It’s like the Christmas favorite, “It’s a Wonderful Life” — what would Bedford Falls be like if George Bailey never existed? In this case it is, what would Philadelphia and its surrounding counties be like if the Archdiocese of Philadelphia didn’t exist?

Or more prosaically, what is the economic impact of the archdiocese on the Philadelphia area?

Quite large — an estimated $4.2 billion annually, according to a report by the University of Pennsylvania-based Collegium Institute for Catholic Thought and Culture and the Program for Research on Religious and Urban Civil Society.


The report, “How Catholic Places Serve Civic Purposes: The Archdiocese of Philadelphia’s Economic ‘Halo  Effects,’” was prepared by Joseph P. Tierney, executive director of the Robert A. Fox Leadership Program at Penn, was presented at Penn Hillel on Nov. 30 with Archbishop Charles J. Chaput giving an opening address.

The moderator was Dr. Ram Cnaan, director of Penn’s Program for Religion and Social Policy Research. Panelists included Tierney; Lorraine M. Knight, executive director of the archdiocese’s Nutritional Development Services; and A. Robert Jaeger, president of Partners for Sacred Places.

In his remarks, Archbishop Chaput said the Catholic contribution to civic life is effective because it is never simply humanitarian.

“Rather, it’s a very concrete and particular expression of our faith. We offer our help to persons in need without strings attached, but always with a deeper religious purpose,” he said. (See the full text of Archbishop Chaput’s remarks here.)

That $4.2 billion impact of the Catholic Church on the Philadelphia region manifests in four major areas, according to the study and as explained by Tierney: education; health care; parish halo (the direct spending by the 217 parishes of the archdiocese and such intangibles as the use of parish facilities by various groups and the cost of obtaining those services elsewhere); and social and nutritional services.

If the experience of the Philadelphia Archdiocese is representative of the United States as a whole, then the Catholic contribution to civic life in America appears quite large — at least $192 billion annually, according to the report.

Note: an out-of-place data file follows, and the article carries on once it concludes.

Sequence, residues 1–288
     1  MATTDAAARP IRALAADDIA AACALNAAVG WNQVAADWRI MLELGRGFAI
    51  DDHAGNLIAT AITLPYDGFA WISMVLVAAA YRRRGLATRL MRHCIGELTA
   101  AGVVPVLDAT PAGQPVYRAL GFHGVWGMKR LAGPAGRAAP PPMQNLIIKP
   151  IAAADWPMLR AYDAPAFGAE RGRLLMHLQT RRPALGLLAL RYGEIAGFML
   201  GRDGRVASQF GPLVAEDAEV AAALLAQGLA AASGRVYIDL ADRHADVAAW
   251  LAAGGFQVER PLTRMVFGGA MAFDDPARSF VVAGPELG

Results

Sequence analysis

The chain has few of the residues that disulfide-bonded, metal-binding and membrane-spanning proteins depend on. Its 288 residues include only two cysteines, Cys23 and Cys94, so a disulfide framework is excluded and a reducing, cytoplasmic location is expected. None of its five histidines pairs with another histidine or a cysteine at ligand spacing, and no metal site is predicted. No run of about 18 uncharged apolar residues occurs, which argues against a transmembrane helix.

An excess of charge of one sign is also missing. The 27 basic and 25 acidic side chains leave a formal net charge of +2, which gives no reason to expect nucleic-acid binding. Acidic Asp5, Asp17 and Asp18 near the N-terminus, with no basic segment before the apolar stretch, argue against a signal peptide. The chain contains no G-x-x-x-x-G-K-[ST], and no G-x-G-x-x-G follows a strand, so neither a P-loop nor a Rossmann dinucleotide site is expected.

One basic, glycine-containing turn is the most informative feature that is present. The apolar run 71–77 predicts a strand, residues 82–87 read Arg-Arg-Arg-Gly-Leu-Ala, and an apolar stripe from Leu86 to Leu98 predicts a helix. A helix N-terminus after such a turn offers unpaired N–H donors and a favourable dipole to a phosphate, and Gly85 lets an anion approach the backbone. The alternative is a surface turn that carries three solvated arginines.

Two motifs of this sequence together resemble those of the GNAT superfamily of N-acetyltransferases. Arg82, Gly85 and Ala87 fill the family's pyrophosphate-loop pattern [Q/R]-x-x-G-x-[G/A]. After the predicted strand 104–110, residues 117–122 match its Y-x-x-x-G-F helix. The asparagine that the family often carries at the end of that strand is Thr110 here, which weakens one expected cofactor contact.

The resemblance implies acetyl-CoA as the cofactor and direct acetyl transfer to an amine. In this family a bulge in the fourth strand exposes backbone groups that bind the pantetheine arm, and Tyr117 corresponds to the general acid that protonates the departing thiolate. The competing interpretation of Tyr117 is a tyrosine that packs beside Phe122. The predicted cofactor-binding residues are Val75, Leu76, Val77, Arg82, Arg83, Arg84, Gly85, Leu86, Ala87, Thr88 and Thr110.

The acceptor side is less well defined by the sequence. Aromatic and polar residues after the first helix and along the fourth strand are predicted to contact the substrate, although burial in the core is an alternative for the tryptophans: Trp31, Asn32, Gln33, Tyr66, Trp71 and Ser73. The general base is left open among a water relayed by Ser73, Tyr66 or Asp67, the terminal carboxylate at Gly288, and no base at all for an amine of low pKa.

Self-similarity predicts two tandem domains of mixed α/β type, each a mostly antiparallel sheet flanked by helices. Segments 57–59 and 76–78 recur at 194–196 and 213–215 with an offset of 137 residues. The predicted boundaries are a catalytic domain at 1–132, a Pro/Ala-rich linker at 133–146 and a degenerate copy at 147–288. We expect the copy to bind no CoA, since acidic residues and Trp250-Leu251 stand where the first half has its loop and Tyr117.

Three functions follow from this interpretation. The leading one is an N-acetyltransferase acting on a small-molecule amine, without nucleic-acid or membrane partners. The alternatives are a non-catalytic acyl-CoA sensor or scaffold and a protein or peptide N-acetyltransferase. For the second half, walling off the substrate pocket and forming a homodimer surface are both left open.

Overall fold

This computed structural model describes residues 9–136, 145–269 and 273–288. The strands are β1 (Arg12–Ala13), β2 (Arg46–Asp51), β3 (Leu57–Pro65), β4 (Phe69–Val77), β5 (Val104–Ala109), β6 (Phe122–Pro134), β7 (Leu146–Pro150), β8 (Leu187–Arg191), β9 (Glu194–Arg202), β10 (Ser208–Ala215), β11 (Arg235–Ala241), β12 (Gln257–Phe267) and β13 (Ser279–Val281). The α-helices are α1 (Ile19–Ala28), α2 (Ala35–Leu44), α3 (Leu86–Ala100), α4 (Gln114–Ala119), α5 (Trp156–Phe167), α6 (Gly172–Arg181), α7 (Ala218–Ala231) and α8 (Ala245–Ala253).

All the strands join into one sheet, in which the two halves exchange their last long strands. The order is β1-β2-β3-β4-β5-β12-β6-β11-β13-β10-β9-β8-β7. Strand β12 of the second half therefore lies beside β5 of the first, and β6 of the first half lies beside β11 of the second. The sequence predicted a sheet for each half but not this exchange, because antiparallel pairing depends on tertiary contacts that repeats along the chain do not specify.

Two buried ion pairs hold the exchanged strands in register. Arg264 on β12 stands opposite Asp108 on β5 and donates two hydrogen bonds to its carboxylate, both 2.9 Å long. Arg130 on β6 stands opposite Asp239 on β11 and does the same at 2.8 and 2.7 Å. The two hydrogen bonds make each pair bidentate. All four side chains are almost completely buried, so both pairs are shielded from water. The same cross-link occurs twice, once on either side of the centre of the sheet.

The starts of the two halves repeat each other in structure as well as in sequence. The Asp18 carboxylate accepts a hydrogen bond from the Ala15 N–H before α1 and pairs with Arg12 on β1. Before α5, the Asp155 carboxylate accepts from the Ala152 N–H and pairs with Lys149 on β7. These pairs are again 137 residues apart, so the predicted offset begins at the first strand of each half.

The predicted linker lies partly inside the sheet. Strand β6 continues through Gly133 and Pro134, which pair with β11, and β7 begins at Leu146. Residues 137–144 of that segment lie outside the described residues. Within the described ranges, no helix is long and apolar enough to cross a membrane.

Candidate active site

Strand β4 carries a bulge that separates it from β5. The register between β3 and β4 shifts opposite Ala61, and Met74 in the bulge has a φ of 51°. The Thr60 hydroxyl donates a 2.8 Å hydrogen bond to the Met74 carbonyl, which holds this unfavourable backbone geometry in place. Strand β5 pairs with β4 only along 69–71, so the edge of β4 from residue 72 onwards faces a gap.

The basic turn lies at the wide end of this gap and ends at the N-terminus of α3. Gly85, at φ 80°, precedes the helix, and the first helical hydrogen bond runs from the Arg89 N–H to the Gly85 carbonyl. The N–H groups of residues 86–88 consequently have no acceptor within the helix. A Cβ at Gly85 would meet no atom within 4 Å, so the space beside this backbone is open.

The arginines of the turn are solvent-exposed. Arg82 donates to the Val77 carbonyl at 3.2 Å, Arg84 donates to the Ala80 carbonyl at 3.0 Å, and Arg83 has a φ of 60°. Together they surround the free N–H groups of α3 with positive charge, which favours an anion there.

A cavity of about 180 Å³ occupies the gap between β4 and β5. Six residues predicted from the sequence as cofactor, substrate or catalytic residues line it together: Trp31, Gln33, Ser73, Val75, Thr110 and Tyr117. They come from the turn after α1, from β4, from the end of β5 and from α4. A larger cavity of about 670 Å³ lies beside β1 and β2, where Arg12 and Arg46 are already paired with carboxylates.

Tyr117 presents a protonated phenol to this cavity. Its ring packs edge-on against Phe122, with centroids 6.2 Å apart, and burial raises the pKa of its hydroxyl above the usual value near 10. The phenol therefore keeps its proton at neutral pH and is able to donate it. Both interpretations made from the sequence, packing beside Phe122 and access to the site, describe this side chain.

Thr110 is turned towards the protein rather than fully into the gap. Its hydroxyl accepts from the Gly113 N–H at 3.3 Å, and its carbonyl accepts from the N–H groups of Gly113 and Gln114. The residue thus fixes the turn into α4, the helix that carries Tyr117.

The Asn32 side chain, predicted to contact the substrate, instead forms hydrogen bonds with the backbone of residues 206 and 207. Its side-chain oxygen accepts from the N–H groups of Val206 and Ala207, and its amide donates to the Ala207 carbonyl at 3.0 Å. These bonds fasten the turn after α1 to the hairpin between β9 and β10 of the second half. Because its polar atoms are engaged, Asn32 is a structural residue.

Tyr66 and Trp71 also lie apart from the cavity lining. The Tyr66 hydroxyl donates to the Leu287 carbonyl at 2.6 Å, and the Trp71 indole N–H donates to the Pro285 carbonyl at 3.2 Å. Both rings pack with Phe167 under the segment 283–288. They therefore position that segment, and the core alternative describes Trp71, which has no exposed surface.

By far the largest component in the report is education, which accounted for $2.67 billion. Within this subgroup was the costs incurred by the 10 Catholic colleges and universities in the archdiocese, based on actual reports, with a total of $1.39 billion per year.

To this, Tierney added $4 million for the annual budget of the Catholic schools of special education.

For the rest of Catholic education Tierney’s calculations were not based on actual expenditures but by determining the “halo” by using a method borrowed from Partners for Sacred Places.

Tierney and his colleagues calculated the average cost of educating a pupil in the 63 public school districts in the five-county Philadelphia area and came up with a per pupil cost of $18,451, which they multiplied by the number of students in the Catholic high schools and elementary schools including private Catholic schools.

Between the Catholic colleges, high schools, elementary schools and parish religious education programs, 155,422 individuals were under Catholic instruction in 2015, according to the current Catholic Directory of the archdiocese.

Health care services, which totaled $1.12 billion, were drawn mostly from the operating expenses of the six Catholic hospitals and health care systems located in Southeastern Pennsylvania but not owned by the Philadelphia Archdiocese.

The report noted these providers served 833,901 patients in the past year.

Catholic social services provided by the archdiocese amounted to $122 million, and added to this was the $20 million of Nutritional Development Services. Among other things, NDS provides 4 million meals to 37,000 children in 92 schools and another 2.8 million meals to children in day care programs, summer feeding programs and after school programs.